German agricultural machinery industry holds its ground in difficult times

With a production turnover of EUR 7.38 billion, the agricultural machinery industry is holding its ground in Germany in difficult times. The ongoing economic weakness in this industrial sector has reduced the revenue of the manufacturers of agricultural machinery and tractors in 2015 by another 4 percent.

Low producer prices, especially for milk and rearing pigs, have slowed down many farmers’ willingness to invest extensively.
“Unfortunately, no sound growth stimulus is yet in view”, says VDMA Managing Director Dr Bernd Scherer. The fact that the decrease in 2015 was much less than originally expected, however, “gives reason to cautious optimism”.

Poor domestic demand offset by export business

According to Scherer, the current development of incoming orders shows
“that the export business is becoming more dynamic again, and at least partly compensates for poor domestic demand”.
This particularly applies to tractors, where the decrease amounted to only just over 2 percent in 2015. „In the domestic sector we faced an almost double-digit decrease, whereas there was slight growth again on the international markets”. Manufacturers of drillers, sowing machines and plant protection technology also achieved a slight increase by the end of the year because they benefited from replacement purchases.

The results in self-propelled harvesting machines were very poor; the same applies to transport, milking and feeding equipment – these sectors were forced to cope with a double-digit percentage decrease.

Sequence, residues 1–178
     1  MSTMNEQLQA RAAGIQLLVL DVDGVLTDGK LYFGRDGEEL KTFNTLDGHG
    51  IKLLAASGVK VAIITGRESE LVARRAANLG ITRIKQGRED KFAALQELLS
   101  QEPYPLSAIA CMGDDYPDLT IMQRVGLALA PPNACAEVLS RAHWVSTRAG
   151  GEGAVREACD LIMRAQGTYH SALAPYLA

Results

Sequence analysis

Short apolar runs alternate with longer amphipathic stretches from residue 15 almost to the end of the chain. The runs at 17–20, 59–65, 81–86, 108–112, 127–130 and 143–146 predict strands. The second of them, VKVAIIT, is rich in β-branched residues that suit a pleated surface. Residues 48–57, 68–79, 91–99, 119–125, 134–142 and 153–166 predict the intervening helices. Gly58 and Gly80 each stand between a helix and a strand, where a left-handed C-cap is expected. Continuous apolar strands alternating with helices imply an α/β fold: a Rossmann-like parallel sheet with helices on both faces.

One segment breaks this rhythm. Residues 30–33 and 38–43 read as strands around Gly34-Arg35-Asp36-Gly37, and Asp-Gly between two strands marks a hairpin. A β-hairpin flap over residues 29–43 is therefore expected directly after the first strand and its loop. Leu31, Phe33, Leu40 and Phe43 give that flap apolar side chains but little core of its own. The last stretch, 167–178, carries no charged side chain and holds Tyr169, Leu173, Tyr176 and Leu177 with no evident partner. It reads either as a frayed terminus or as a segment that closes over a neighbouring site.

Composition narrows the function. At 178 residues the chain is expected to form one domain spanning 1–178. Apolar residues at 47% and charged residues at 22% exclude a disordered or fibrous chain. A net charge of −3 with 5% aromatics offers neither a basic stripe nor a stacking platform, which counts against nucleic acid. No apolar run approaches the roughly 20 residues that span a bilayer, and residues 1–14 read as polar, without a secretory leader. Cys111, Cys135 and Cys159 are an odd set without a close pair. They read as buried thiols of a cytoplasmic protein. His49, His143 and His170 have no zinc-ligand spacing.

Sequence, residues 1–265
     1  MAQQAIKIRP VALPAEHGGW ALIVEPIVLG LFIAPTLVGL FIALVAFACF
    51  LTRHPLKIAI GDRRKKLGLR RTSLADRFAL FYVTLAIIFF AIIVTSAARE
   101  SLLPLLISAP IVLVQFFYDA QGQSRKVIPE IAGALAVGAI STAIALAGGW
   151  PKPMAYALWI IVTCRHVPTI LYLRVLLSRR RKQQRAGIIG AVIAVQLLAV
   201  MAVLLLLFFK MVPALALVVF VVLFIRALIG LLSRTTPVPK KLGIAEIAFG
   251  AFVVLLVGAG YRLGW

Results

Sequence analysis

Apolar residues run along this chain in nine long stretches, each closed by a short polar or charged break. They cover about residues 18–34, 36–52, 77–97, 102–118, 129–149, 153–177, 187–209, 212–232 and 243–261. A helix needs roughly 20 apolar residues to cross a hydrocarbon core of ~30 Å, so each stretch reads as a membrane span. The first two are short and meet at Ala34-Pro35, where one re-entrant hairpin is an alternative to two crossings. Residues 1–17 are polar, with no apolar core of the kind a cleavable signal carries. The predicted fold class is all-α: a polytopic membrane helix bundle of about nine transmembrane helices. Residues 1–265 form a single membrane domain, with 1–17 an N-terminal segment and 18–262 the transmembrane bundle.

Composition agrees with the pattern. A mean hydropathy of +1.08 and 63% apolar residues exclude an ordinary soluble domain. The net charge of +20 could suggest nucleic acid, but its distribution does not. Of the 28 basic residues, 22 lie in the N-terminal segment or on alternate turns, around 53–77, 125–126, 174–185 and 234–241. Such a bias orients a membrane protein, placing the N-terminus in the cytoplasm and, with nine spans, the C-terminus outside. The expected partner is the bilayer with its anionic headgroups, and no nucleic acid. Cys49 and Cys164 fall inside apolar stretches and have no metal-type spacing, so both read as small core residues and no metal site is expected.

First signs of recovery in France and Ukraine

Domestic demand amounts to 28 percent of the market, and therefore still plays an important role for the German agricultural machinery business. However, in 2015 sales in Germany fell by almost 6 percent below those of the previous year. On the other hand, with a drop of only 3 percent, export sales were much better.

France in particular – still the most important export market for agricultural machinery and tractors made in Germany – “has been experiencing an increase since late autumn, and is likely to move into growth again within the current year”, Scherer points out. Also Ukraine, the focus of hopeful expectations for business with Eastern Europe, gives reason for cautious optimism. “Despite all the ongoing political and economic turmoil, this agricultural country is recovering slowly, step by step, as is evidenced by an increase of 15 percent in investment in agricultural machinery”. Due to the decline of the Rouble and difficult financing conditions, the perspectives for the Russian market “are still viewed with reservation”.

For 2016, the VDMA expects a production turnover for German agriculture machinery companies of about EUR 7 billion, which corresponds to a further decrease of 5 percent. Scherer sums up that “the situation remains characterised by cautious optimism rather than distress”. After all “the fundamental conditions of the international agricultural machinery business” remain unchanged: “Reliable energy and food supplies cannot be achieved without us”.

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